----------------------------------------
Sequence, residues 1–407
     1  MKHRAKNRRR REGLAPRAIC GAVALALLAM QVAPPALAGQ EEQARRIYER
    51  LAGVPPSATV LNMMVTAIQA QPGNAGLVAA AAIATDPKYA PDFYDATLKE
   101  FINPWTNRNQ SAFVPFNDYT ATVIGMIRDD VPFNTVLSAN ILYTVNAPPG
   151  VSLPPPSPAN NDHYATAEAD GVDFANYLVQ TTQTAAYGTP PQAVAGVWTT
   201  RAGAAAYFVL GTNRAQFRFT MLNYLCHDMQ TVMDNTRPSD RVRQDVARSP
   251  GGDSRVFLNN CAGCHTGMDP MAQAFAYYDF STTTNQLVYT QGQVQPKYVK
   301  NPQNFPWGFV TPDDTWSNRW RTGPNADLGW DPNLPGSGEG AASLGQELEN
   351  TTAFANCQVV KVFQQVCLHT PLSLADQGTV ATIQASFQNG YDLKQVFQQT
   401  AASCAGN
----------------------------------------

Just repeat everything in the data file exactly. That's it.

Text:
Sequence, residues 1–407
     1  MKHRAKNRRR REGLAPRAIC GAVALALLAM QVAPPALAGQ EEQARRIYER
    51  LAGVPPSATV LNMMVTAIQA QPGNAGLVAA AAIATDPKYA PDFYDATLKE
   101  FINPWTNRNQ SAFVPFNDYT ATVIGMIRDD VPFNTVLSAN ILYTVNAPPG
   151  VSLPPPSPAN NDHYATAEAD GVDFANYLVQ TTQTAAYGTP PQAVAGVWTT
   201  RAGAAAYFVL GTNRAQFRFT MLNYLCHDMQ TVMDNTRPSD RVRQDVARSP
   251  GGDSRVFLNN CAGCHTGMDP MAQAFAYYDF STTTNQLVYT QGQVQPKYVK
   301  NPQNFPWGFV TPDDTWSNRW RTGPNADLGW DPNLPGSGEG AASLGQELEN
   351  TTAFANCQVV KVFQQVCLHT PLSLADQGTV ATIQASFQNG YDLKQVFQQT
   401  AASCAGN